At this point, you have a lot of self-awareness practices under your belt. In the previous section, we talked about self-acceptance. Self-awareness and mindfulness are keys to acceptance. They allow you to focus on the moment, living with it, and not against it. They also have been working to teach you ways to feel without attachment. To feel your emotions and then let them go. This is different than trying to push your emotions away or to try to stuff them down. This practice of mindfulness and self-awareness can allow you to feel and move through a feeling versus stopping it, attaching to it, or hiding from it.

Why it matters when we hold tightly on to a belief, we are increasing our suffering and pain, as well as opening ourselves up to anger. This could be a belief about yourself, such as “I should be more organized,” about someone else, such as “my child should behave in public,” or about the world, such as “it shouldn’t rain today.” A lot of rigid beliefs are related to those “should” and “should not” thoughts. Being able to let go of a belief or a struggle gives you control over the situation and how you can respond to it.

How to Let Go

Sometimes things aren’t easily accepted or released. That’s okay. When you have a tough time letting go of something here are some tips to help loosen your grip.

  • Focus on your breathing and bring your attention to the present.

  • Slow down. Take steps one at a time and take each day one at a time. This does not mean you have to stop planning for the future or ignore your daily routines but rather to just try not to think too heavily about tomorrow.

  • Write down your concerns or frustrations. Make a list of everything bothering you. A huge project at work? Unresolved conflict with your husband? Unpaid bill? Write down everything that is causing you to stress currently.

  • Reorder the list you created from the most important to the least. Now your worries have turned into goals, ordered and prioritized. If there’s something you can do immediately to resolve some of your concerns, do it, and if not, keep the list and return to it later.

  • Resolve what issues, worries, concerns, and frustrations you can. Change what you can, knowing that you cannot change someone else. For those things, you cannot change or resolve, see how you can shift your perspective or make peace with the situation.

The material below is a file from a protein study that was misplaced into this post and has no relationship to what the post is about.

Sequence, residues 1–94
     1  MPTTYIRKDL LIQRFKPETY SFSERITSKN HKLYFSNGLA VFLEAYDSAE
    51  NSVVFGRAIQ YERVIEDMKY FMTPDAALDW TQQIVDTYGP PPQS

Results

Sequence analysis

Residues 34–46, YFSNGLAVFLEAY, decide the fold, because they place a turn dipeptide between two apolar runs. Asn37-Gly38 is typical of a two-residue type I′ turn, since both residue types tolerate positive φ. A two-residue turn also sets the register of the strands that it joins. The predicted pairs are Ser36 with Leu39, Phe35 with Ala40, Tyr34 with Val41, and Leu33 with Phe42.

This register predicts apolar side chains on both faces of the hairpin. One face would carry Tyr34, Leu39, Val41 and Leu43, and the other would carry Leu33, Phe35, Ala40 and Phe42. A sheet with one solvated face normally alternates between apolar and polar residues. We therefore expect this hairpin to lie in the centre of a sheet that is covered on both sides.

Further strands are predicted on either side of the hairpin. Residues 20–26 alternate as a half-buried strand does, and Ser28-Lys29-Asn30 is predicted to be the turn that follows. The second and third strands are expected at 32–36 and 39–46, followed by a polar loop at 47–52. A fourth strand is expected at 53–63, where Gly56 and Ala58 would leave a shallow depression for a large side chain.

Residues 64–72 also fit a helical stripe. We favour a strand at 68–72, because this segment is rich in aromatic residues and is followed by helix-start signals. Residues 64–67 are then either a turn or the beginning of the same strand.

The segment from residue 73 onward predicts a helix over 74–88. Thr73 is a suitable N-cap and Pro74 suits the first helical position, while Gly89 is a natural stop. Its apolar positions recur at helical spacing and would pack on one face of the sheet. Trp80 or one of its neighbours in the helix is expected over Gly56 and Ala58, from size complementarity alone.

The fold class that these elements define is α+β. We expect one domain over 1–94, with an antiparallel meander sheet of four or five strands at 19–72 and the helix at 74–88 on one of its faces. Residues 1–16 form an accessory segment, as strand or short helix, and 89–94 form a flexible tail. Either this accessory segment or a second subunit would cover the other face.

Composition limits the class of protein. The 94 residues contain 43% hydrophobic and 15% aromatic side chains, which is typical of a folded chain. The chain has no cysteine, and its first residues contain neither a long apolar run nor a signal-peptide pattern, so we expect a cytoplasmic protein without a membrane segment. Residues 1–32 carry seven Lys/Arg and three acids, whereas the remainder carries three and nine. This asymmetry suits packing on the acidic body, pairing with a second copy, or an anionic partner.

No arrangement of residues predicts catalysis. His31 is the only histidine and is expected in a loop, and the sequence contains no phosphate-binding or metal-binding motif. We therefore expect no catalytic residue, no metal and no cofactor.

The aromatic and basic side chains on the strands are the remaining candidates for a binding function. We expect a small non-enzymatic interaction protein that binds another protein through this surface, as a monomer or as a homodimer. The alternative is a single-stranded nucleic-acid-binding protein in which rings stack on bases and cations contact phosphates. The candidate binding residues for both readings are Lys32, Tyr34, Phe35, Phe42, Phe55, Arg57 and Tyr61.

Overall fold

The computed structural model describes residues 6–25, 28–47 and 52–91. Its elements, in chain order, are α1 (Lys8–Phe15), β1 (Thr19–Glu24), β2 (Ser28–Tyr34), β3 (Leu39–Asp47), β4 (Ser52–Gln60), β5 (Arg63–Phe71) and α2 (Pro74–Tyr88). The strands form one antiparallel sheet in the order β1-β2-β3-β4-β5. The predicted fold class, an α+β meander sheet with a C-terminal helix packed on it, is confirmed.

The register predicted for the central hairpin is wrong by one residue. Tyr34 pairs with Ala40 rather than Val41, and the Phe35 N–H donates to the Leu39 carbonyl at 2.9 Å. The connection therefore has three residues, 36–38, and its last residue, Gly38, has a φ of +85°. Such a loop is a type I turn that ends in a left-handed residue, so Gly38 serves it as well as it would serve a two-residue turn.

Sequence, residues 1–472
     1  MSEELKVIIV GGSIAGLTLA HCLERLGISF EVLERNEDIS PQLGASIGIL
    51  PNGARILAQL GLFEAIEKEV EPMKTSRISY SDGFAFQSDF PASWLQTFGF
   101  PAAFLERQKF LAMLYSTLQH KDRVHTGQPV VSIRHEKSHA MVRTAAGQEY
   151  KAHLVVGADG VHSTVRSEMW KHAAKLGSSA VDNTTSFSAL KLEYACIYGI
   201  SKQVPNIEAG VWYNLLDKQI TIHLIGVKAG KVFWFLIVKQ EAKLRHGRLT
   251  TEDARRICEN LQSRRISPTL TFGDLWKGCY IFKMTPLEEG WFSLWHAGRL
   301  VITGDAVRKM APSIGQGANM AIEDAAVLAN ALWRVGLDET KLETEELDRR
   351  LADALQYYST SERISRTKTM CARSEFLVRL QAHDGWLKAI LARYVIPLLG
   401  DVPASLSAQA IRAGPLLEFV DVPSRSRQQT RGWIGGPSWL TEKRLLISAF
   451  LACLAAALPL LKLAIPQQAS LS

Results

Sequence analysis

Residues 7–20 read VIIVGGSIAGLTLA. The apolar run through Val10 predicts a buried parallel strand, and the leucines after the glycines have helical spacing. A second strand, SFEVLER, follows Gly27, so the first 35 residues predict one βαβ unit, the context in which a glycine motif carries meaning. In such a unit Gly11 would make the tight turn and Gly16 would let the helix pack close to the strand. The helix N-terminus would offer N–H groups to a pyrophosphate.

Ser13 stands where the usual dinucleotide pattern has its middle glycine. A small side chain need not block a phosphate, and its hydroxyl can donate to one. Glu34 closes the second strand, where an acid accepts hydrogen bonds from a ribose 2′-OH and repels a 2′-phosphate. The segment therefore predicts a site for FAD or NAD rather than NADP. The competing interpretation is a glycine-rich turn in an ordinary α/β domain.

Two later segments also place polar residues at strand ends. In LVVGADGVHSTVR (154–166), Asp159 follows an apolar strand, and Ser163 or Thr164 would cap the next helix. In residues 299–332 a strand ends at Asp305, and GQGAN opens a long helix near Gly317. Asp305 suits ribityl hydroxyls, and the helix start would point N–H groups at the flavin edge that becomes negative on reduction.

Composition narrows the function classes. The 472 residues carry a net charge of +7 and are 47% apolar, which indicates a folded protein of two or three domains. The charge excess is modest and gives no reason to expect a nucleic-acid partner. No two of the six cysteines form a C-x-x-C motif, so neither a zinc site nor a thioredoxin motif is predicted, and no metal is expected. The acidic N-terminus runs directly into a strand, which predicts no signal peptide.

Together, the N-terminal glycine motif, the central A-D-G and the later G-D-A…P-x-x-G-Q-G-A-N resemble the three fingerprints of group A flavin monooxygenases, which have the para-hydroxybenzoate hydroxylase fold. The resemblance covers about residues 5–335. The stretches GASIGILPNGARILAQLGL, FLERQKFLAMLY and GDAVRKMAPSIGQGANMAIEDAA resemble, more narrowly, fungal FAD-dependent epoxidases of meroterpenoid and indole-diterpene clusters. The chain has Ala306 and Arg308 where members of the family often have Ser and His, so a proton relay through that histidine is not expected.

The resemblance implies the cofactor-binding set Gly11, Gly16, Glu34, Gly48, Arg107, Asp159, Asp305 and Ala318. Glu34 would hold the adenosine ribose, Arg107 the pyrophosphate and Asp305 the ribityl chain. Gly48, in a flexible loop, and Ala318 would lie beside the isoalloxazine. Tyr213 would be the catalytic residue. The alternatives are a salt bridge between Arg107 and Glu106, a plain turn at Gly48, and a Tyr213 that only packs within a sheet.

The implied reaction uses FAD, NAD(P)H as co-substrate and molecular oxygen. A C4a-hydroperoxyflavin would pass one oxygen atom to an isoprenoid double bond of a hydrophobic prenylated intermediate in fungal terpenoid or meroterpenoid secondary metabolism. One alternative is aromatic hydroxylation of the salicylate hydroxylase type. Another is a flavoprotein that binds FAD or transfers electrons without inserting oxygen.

• Think about the amount of time it took you to create your list of worries, now spend double that time to create a list of things you are grateful for.

  • Don’t concentrate on what you don’t have or what your life doesn’t look like. The “should” or “shouldn't” of how your life should be.

  • Ask yourself if you will remember why you are upset in a year. Figure out the magnitude of the thing that is bogging you down.


Practice the tips listed above. Which ones worked the best for you? Practice them in times of small stress and practice them in times of great stress. Continue focusing on what is working for you right now.

Bring your self-awareness practice around to your progress and how far you have grown since beginning this course. Has your patience increased? Are you more appreciative of the small things? Has your tolerance for annoyances or irritations increased?

Check back in with the goals you have set. Where are you with those goals? What have you been doing right? Where could you use improvement? Perhaps you aren’t putting in as much effort at home as you are at work. Maybe you aren’t practicing breathing or assertive communication as much as you could be. Give yourself room to progress even further.

Track your anger and rate it. Write down how you could have expressed yourself differently. Write down how you would have used to express yourself before beginning this course.